Signal transduction is used by plants to coordinate their development and to sense and respond to fluctuations in their surroundings. Of prime importance is the ability to defend against pathogens and other environmental hazards such as cold temperatures, drought or wounding. Many transduction pathways are now characterized and the underlying genes are known. This suggests an obvious question - can we engineer signal transduction mechanisms for plant improvement? We address this question by presenting a rationale for an engineering approach and by discussing results from recent attempts to apply this approach. Calmodulin-like domain protein kinase (CDPK) and mitogen-activated protein kinase (MAPK) pathways are used as primary examples. New technology that will aid these efforts is also covered.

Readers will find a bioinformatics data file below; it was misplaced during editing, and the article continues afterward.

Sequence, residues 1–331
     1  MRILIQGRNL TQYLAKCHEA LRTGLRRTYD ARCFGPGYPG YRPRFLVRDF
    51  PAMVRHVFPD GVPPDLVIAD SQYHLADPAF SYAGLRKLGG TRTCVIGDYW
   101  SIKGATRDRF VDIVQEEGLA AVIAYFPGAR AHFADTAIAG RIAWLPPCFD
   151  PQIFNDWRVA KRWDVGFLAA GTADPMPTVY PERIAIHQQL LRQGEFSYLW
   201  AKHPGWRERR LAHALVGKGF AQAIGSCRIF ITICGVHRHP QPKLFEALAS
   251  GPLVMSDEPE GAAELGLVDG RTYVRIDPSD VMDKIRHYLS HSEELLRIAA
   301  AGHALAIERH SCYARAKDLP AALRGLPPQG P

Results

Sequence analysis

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Plant Molecular Biology Reporter
Department of Biology

Xing, T, & Jordan, M. (Mark). (2000). Genetic Engineering of Plant Signal Transduction Mechanisms. Plant Molecular Biology Reporter (Vol. 18, pp. 309–318). doi:10.1007/BF02825058